The picture doesn’t do the colors justice. So pretty!  This is also not for me…

That’s it for yarn purchases but I also bought some goat soap and lip balm from Flat Brook Farm, and some Honey Almond hand cream from The Rose Field.

I can’t wait for next year, it’s such a fun day!

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How to dye yarn with Kool-Aid Lesson Two A tutorial

Your yarn is ready right?  All soaked through, shouldn’t be any dry spots.


The next step is to heat some water.  For this skein ( which was only 50 gms of wool) I just filled my tea kettle and heated it to just below a boil.  If it boils that’s OK, you can just let it cool off a bit before you use it.  I then poured the water into a large bowl, very carefully!  Then I sprinkled 2 packets of Kool-Aid Watermelon Cherry into the bowl.


Super secret insider  Kool-Aid tip, the color of the liquid in the glass on the packet is the color of the drink, not the color of the Kool-Aid guy.


Stand back a little bit as it fizzles just a little and you don’t want to get splashed.  You also don’t want to inhale a bunch of Kool-Aid.   Stir gently.  It is very helpful to have a white plastic spoon.  You can then see the true color of the solution.



Now take your yarn out of the sink and squeeze out some water.  I just get it so it is not dripping.  It is amazing how much water wool will hold!  Then dunk the wool into the dye bath.  I try to get it all in quickly as it takes  up the dye rapidly.   Then I GENTLY swirl it a bit with the spoon.  Remember, temperate change plus agitation equals felting.   Now just let it sit.


While the yarn is absorbing the dye, admire my lovely vintage linen tea towel  from Barbados.  It has several rum cocktail recipes on it.  And…it’s made in Ireland!  LOL.  This was another thrift store find.  Consider this my thrifty Thursday post for the week since I missed it.  I think I bought it at Savers for around $1.50.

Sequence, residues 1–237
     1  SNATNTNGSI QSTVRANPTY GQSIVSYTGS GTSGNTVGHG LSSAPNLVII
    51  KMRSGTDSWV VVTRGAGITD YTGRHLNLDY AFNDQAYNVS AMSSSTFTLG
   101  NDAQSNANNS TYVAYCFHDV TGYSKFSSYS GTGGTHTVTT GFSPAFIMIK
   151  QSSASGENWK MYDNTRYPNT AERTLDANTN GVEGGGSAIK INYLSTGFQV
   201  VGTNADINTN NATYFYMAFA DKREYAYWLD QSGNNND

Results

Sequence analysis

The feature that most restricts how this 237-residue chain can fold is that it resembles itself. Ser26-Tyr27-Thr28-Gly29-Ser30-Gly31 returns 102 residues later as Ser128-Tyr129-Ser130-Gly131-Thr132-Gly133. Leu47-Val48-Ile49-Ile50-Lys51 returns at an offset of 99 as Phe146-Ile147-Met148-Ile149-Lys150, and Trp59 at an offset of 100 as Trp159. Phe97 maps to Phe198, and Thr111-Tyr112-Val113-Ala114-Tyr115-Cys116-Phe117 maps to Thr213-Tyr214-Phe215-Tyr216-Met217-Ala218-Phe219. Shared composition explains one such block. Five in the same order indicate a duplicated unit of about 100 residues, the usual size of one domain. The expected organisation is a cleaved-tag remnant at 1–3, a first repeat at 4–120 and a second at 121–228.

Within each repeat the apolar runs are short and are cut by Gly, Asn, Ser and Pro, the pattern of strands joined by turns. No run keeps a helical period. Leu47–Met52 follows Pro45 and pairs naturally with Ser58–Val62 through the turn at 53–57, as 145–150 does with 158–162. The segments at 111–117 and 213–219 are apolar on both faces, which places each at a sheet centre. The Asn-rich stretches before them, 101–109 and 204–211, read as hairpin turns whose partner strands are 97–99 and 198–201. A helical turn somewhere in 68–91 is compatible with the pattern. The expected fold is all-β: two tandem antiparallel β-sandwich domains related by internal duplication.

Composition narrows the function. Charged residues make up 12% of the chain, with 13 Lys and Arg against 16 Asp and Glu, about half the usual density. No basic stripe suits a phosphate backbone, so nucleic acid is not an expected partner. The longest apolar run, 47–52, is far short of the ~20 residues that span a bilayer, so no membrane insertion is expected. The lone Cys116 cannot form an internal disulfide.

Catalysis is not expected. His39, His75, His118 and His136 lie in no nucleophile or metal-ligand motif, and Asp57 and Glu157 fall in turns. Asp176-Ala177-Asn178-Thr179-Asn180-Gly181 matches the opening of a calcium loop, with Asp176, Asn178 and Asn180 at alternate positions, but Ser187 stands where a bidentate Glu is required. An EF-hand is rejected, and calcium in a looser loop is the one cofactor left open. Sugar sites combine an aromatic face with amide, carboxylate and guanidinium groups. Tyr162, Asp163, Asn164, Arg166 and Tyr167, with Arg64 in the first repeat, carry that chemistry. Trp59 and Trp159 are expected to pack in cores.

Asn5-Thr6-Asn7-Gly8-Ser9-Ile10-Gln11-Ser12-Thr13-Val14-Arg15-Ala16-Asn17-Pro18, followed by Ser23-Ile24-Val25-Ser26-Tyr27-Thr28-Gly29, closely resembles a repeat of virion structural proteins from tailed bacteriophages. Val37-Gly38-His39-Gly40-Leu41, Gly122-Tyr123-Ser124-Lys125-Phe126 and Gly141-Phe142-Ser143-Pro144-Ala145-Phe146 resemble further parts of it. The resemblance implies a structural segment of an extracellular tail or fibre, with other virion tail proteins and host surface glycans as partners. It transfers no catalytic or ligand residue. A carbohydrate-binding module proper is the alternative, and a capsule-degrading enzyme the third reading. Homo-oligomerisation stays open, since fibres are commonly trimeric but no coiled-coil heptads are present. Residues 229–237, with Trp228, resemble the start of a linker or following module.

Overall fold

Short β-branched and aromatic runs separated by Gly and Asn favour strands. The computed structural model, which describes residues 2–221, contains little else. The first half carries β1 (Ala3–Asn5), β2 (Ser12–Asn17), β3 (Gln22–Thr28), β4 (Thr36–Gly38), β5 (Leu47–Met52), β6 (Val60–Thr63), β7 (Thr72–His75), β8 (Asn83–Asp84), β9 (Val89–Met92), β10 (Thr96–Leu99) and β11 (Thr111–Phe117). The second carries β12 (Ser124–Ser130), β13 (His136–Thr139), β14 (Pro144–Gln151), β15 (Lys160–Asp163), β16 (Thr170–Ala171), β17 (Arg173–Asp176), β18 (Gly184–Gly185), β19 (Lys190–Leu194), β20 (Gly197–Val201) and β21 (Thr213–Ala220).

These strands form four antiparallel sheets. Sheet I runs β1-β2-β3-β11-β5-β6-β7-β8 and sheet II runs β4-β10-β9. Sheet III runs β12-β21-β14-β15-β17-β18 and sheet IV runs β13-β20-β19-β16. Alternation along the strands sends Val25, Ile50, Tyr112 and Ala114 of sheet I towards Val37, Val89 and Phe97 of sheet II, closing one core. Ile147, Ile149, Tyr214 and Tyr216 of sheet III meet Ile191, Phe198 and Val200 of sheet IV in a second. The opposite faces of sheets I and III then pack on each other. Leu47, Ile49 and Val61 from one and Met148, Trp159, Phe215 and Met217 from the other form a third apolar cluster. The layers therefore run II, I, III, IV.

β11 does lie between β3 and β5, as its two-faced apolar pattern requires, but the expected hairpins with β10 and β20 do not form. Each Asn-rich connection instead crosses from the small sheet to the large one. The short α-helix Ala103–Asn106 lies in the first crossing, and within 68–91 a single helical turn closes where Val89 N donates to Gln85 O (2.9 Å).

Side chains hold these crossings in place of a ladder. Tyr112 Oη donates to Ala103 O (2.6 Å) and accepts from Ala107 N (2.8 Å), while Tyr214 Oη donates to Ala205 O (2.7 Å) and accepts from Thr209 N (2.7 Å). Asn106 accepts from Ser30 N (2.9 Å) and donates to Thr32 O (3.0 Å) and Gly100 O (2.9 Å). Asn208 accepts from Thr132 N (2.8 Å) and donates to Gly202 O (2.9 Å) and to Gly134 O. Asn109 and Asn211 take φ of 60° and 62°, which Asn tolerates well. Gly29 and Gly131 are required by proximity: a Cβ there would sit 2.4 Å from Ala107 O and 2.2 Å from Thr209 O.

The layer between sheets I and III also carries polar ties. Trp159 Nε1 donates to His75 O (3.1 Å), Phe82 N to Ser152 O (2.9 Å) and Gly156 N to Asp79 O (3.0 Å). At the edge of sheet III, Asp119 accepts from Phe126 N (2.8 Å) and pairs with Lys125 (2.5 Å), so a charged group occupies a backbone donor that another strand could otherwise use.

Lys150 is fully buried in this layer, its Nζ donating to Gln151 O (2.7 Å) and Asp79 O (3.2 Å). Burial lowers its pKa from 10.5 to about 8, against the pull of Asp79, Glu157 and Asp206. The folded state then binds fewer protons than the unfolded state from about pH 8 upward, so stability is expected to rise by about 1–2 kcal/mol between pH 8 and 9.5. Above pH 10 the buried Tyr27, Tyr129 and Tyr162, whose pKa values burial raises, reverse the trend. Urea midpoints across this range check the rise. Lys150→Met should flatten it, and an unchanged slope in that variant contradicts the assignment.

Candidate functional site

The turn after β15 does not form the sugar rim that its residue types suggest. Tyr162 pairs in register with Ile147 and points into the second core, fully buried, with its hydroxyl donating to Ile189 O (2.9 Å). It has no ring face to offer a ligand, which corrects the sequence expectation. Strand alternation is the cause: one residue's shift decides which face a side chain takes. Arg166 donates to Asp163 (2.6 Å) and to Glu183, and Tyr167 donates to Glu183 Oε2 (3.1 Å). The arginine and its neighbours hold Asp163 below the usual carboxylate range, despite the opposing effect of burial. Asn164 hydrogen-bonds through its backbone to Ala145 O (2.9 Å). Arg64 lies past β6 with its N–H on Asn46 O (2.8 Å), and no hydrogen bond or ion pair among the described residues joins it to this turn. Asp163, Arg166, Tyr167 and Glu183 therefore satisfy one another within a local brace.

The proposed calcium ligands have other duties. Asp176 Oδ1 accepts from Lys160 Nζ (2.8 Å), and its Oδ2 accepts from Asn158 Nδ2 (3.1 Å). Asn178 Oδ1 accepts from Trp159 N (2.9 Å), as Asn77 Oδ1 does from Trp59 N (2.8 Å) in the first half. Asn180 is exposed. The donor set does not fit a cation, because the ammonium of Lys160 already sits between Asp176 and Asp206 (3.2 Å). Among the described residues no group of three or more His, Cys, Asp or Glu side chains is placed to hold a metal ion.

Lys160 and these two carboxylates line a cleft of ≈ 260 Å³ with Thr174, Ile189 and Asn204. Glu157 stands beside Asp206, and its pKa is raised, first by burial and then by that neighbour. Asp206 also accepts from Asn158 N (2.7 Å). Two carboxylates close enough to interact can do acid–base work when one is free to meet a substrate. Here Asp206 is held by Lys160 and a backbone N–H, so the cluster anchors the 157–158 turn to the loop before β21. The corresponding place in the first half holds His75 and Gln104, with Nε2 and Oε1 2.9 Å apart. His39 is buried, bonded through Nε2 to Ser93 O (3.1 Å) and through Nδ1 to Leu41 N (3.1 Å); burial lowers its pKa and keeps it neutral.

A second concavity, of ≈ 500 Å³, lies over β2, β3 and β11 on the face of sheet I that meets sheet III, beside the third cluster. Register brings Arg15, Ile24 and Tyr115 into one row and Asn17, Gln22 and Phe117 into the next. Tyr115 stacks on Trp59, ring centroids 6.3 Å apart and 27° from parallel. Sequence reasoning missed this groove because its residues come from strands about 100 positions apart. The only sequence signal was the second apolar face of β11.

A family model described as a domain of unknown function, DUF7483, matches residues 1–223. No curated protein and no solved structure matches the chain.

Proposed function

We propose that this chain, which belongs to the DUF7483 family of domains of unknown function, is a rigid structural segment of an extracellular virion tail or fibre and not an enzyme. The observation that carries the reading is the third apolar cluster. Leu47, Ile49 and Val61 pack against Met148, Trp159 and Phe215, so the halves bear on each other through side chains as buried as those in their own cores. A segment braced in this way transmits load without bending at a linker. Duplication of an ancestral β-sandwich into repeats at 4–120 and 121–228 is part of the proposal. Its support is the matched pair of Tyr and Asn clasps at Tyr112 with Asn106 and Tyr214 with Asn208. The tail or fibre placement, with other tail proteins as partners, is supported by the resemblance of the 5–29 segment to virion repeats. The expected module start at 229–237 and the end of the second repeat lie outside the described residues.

After a few minutes…yes that quickly, you can actually watch it happen, the dye will be absorbed into the wool and it will leave behind a cloudy fluid.  It should look like this.


Again, the white plastic spoon is helpful because  you can see that there is no dye left in the liquid.

The color of the wool is darker when it is wet.  If you think it is too light now, it will surely be too light  when it is dry.  The color you get is determined by the amount of dye, not the amount of water.  Again, I use about 3-4 packets for 100 grams of wool.

Now you can either let the yarn sit in the water until it cools off, which is what I usually do, or you can use the spoon to carefully lift the yarn out and set it to drain and cool in the sink.  You do not want to rinse it or handle it too much at this stage.    Once the yarn is cool I rinse it and set it out to dry.  Hopefully if you did a good job in tying the skein your yarn is not too tangled.

After it’s dry, twist into a pretty skein and admire!  The yarn has not become a project yet.  I was thinking it would make a pretty baby hat.

003 - Copy

Seriously, pretty simple right?  The work is all in getting the yarn ready.



You can reuse the water to soak your next skein if you are the thrifty sort.

More on Kool-Aid dying in further posts.